A Worthless Queen. The Search for Cinderella. Jews Threatened. Mordecai Remembers. 11 Impalements. Esther and Mordecai Elevated.
Now the king was attracted to Esther more than to any of the other women, and she won his favor and approval more than any of the other virgins. So he set a royal crown on her head and made her queen instead of Vashti.
Esther 2:17 (NIV)
The story of Esther would make a fantastic musical (and a brief Wikipedia search revealed that it already is one). Seriously – an easy-to-follow moralistic story and an ensemble of characters – it would be perfect. The character descriptions would read as follows:
QUEEN ESTHER – our heroine, beautiful, charismatic, persuasive (GOOD JEW)
KING XERXES – married to Esther, loyal, easily persuaded (GOOD NON-JEW)
MORDECAI – Esther’s surrogate father, a leader of the Jews, persuasive (GOOD JEW)
HANAN – our villain, plots to kill all the Jews, persuasive (BAD NON-JEW)
The plot is simple. In the prologue, two men plot to kill KING XERXES, but his humble subject MORDECAI (a Jew) catches wind of it and reports it to his surrogate daughter and queen ESTHER. The plotters are captured and disposed of. Phew.
HANAN convinces KING XERXES to wipe out all of the Jewish exiles in his land after some manipulative propaganda. XERXES agrees to this, but unbeknownst to him, his lovely wife and queen ESTHER is of Jewish descent, as is MORDECAI, the man who saved him from assassination. But HANAN despises MORDECAI for his Jewish nature and begins to enact the judgment against them. MORDECAI convinces ESTHER to tell the king about her heritage and dissuade him from such violence. She does, and it works. XERXES angrily takes HANAN and impales him on a pole (ouch) as well as his ten sons (ouch, and arguably unnecessary). MORDECAI ends up moving on to great things, such as serving as XERXES’s right hand man. And we get a whole new holiday out of it, Purim, which as we all know is a widely celebrated occasion marked of on all of our calendars.
Lights down, applause, standing ovation.
We have a scant few female characters in the Bible thus far and only one other who received a place in the biblical Canon. Esther does not really compare easily to any of them. She is not as badass as the judge Deborah (and not as murderous as her friend Bael) and not as revolutionary as the interracially married Ruth. Instead, she is sort of a go between – a messenger. Not the strongest, not the most interesting – just a middlewoman who delivers messages and persuades the King with her beauty.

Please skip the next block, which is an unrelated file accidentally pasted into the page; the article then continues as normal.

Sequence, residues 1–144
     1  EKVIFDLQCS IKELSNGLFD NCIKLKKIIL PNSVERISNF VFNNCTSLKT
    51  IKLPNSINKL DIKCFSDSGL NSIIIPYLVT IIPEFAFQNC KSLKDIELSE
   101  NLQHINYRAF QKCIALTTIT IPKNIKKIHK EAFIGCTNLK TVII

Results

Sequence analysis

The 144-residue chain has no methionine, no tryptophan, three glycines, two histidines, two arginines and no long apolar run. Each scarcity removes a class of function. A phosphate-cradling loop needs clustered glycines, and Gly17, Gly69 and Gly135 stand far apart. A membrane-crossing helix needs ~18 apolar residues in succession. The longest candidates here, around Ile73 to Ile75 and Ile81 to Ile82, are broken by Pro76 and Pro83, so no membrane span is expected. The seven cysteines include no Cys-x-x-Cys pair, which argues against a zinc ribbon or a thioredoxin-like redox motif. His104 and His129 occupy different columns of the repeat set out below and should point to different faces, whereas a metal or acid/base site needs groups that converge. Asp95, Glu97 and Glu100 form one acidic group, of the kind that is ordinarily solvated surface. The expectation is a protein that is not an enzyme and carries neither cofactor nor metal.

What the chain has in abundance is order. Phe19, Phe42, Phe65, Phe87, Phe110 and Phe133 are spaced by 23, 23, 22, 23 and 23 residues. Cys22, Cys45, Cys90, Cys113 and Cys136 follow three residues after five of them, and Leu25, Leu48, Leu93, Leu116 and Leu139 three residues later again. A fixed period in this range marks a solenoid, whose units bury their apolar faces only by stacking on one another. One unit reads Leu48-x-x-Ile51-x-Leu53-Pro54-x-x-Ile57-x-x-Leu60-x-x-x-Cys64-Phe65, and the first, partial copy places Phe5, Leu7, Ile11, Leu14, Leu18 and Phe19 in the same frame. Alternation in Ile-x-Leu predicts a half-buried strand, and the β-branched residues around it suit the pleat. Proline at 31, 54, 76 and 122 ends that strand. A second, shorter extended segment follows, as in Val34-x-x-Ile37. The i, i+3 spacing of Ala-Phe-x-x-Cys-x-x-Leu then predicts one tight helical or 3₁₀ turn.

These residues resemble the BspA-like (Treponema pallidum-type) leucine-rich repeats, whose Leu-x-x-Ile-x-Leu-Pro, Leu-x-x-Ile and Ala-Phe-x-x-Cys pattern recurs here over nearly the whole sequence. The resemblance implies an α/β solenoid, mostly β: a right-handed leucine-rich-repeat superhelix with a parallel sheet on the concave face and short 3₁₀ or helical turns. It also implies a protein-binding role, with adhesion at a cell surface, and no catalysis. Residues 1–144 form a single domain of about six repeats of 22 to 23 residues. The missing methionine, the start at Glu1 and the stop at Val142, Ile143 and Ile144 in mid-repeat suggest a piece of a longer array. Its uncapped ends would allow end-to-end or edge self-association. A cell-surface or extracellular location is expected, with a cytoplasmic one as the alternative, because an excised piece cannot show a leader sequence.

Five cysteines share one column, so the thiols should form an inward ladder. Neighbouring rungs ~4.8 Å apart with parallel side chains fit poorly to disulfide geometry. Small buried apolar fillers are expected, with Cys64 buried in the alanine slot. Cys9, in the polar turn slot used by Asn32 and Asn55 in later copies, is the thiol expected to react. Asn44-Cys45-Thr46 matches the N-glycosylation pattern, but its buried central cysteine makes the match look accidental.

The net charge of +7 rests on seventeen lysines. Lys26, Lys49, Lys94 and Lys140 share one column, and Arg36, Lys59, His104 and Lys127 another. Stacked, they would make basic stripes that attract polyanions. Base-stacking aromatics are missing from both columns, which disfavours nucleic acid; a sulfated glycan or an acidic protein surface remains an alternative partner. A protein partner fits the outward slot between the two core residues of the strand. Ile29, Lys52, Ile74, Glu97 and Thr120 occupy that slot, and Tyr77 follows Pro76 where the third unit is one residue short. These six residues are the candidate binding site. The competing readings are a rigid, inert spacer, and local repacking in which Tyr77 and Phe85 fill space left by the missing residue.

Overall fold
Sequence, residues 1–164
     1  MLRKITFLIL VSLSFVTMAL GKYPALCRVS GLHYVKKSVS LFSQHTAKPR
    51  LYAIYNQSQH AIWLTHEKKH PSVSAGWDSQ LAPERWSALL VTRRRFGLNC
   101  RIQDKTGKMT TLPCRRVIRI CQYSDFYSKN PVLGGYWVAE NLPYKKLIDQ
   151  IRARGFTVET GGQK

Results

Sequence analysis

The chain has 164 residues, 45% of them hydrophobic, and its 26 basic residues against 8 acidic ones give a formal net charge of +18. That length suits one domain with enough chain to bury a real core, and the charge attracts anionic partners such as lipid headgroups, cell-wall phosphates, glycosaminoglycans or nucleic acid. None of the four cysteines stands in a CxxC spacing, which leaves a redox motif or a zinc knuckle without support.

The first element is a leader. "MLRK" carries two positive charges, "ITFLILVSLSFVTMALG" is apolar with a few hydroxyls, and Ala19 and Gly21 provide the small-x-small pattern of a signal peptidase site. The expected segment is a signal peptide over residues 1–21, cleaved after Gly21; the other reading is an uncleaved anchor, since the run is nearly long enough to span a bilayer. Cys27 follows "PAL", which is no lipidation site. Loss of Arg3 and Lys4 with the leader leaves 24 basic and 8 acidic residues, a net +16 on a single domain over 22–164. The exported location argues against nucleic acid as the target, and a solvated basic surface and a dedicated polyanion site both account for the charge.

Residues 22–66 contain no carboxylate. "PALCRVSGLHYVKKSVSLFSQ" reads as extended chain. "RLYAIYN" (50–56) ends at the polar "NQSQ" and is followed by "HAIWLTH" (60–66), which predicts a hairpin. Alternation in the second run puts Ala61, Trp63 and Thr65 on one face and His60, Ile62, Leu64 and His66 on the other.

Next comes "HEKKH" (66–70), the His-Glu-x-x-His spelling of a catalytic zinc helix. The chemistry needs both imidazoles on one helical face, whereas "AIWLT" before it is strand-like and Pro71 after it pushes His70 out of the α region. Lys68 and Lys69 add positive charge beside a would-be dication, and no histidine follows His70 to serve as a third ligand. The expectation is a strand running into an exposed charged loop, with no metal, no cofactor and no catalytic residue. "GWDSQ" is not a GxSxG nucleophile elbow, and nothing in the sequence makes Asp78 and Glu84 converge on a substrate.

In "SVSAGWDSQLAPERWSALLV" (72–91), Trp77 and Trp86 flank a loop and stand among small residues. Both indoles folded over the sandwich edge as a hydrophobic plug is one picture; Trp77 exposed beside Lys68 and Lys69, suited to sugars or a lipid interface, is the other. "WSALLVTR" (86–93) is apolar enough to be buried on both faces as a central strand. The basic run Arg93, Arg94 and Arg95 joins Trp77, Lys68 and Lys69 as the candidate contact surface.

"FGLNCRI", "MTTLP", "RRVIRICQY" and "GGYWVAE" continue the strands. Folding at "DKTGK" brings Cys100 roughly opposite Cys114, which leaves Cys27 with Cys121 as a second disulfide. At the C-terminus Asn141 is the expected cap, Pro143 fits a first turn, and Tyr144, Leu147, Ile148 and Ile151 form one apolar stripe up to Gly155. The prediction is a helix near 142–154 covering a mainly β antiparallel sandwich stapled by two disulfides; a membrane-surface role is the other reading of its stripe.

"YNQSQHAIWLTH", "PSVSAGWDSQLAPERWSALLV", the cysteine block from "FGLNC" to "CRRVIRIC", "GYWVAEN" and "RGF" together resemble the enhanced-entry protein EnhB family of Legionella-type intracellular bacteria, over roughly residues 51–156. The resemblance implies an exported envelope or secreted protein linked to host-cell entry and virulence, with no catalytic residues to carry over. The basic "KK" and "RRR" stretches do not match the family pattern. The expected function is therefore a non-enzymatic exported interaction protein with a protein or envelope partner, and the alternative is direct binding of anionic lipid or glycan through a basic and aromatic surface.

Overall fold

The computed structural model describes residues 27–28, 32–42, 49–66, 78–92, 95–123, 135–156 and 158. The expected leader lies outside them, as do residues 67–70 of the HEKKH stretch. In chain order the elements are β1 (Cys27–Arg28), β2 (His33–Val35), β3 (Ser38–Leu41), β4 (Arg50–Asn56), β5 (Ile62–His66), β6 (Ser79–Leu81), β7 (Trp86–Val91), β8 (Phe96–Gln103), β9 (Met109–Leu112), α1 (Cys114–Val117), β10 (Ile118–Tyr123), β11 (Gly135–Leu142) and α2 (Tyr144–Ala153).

So, is she a strong female role model?
She’s certainly not a bad woman (look back at the character description – she’s a GOOD JEW), but I would not line up modern girls around the block to emulate her. Not for her actions – she fasts and respects God, for instance – but something about her appointment irked me. Let’s look at it piece-by-piece:
- She is described as beautiful and with a “lovely figure” (2:7)
- She is more stunning than all the other women (2:17)
- At Mordecai’s suggestion, she informs the king of the plot against him (2:22)
- She’s loyal to God and fasts to receive His favor and wisdom (4:17)
- After drinking wine with him, she persuades the king to kill Haman – and so destroy his plan to kill all the Jews (7:1)
This does not scream “strength” to me, as all of her goodness comes either from her beauty (and thus, Xerxes’ shallowness) and from the prodding of Mordecai. In fact, Mordecai receives almost as many mentions in the book as Esther does herself.
Any female readers are welcome to chime in here. Do you think Esther is someone worth admiring, or is she the last remaining thread of a stereotype that you would rather leave behind?
Looking forward to hearing your thoughts (even you guys as well). E-mail me at GodDoesntChangeBlog@gmail.com or comment below.